A joint report from the Federal Energy Regulatory Commission and the North American Electric Reliability Corporation finds that additional tree trimming would have gone a long way toward mitigating the widespread power outages that occurred in Connecticut in .
According to the report (see attached PDF), 74 transmission lines and 44 transmission substations in the Northeast experienced outages in the bizarre storm which . The bulk of the damage, however, was to local distribution lines when trees and branches fell on wires.
Altogether in storm — .
"Nearly three quarters of the transmission line outages occurred when healthy trees, most located outside of utility rights-of-way, fell onto the lines uprooted by the weight of the snow compounded by the soft, wet ground," a NERC press release announcing the report's findings states.
In addition to carrying out more aggressive tree trimming, the report recommends that the state's utilities revise their tree trimming policies and create more detailed reporting of "vegetation-caused outages."
The report suggests that utilities take into account growth rates of trees when installing new transmission lines — and identifying species of trees that either grow quickly and/or are more likely to fall.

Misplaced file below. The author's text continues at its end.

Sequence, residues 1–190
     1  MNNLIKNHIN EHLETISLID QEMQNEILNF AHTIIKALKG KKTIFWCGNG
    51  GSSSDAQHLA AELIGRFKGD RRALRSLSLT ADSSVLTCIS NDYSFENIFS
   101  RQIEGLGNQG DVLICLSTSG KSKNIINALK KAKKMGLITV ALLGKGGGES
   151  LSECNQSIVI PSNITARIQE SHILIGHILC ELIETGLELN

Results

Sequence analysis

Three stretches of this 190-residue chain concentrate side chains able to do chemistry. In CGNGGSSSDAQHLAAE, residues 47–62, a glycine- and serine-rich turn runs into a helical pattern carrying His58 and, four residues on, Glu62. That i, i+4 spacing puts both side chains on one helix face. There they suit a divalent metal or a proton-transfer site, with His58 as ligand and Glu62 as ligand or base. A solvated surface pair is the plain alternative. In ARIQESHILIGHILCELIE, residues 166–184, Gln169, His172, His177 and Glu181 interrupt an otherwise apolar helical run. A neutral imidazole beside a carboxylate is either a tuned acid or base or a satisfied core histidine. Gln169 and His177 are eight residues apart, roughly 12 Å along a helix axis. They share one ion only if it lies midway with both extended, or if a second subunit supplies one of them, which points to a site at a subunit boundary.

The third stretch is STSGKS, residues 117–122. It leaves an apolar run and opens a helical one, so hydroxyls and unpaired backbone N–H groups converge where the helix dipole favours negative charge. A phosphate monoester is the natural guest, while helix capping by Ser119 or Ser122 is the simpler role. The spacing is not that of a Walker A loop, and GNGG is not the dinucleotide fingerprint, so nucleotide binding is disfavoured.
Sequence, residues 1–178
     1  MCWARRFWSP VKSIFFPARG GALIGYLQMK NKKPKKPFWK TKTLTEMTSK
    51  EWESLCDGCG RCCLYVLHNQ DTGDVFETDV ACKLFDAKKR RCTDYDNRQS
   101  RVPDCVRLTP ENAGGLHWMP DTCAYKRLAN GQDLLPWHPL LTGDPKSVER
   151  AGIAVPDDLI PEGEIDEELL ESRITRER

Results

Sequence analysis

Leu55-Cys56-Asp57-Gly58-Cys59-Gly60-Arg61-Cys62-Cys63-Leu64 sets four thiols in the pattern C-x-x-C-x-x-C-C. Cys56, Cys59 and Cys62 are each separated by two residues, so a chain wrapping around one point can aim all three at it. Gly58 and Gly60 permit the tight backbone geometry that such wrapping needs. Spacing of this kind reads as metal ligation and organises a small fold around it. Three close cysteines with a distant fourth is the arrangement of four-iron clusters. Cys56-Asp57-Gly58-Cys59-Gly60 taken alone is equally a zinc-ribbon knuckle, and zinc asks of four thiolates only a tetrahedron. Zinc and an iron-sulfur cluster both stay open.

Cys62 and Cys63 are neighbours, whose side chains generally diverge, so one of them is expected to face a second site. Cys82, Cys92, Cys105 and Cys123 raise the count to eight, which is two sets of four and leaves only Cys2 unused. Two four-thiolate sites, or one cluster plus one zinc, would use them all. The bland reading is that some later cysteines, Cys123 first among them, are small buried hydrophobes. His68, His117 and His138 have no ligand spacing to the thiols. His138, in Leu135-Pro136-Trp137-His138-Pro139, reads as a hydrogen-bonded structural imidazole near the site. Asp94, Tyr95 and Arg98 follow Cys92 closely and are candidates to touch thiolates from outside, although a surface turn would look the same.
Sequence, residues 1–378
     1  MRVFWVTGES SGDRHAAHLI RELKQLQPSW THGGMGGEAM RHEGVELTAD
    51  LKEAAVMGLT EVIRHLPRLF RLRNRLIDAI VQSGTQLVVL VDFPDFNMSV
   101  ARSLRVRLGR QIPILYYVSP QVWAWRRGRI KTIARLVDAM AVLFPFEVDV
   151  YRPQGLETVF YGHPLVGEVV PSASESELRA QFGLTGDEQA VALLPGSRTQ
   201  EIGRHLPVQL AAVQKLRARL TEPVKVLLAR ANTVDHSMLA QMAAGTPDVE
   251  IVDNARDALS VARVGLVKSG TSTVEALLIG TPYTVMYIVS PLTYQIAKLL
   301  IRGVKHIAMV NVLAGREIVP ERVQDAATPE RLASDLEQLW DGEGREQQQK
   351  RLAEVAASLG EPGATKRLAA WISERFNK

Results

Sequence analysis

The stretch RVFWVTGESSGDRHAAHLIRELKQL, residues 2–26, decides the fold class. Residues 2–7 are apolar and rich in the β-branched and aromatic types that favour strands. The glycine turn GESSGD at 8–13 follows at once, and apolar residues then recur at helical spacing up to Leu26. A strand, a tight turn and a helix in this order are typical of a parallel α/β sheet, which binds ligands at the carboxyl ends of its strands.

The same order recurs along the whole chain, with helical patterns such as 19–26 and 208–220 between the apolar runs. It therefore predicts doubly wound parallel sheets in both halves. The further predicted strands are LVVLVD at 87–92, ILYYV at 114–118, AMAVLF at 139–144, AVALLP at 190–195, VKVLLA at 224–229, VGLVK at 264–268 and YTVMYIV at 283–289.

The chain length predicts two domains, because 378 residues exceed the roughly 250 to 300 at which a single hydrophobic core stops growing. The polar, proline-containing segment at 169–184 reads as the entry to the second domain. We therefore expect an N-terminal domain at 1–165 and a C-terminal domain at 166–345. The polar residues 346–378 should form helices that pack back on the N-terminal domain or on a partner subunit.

Perhaps more important, the report recommends that utilities with , state regulators, and local town governments to located outside of rights of way.
“We were deeply troubled and frustrated by two major power disruptions in as many months, which wreaked havoc on the lives of our constituents, and called on FERC to investigate the reliability of Connecticut’s electric system," said state Senate and House leaders who issued the statement. "This important investigation by FERC and NERC has resulted in recommendations that must be taken seriously to ensure Connecticut residents and businesses will not find themselves in a similar situation again."
"Some of the report confirms what we already knew — such as downed trees were the leading cause of outages — but also makes clear utility companies need to be more vigilant to ensure a debacle like last fall is not repeated," the elected leaders said. "We urge CL&P and Northeast Utilities to work with the Connecticut Department of Energy and Environmental Protection to ensure trees and other vegetation are better maintained to reduce the severity of future power outages.”
CL&P, the state's largest provider of electric power, has already responded to the need for additional tree trimming. According to a March report in , CL&P recently launched an expanded tree work program that includes significantly more routine and enhanced tree trimming across the state.
This year, CL&P plans to spend $53.5 million on tree trimming – an increase of approximately $27 million over 2011, the report states. The expanded tree work is being performed along 4,900 miles of the company’s utility poles and wires, an increase of 1,600 miles.
Last week, Redding First Selectman Natalie Ketcham, along with Ridgefield First Selectman Rudy Marconi and Newtown First Selectman Patricia Llodra to the State of Connecticut Public Utilities Regulatory Authority in New Britain regarding the utilities' response to the October storm, as well as Tropical Strom Irene, which hit the state in late August.
Meanwhile the state's new awaits Gov. Dannel P. Malloy's signature.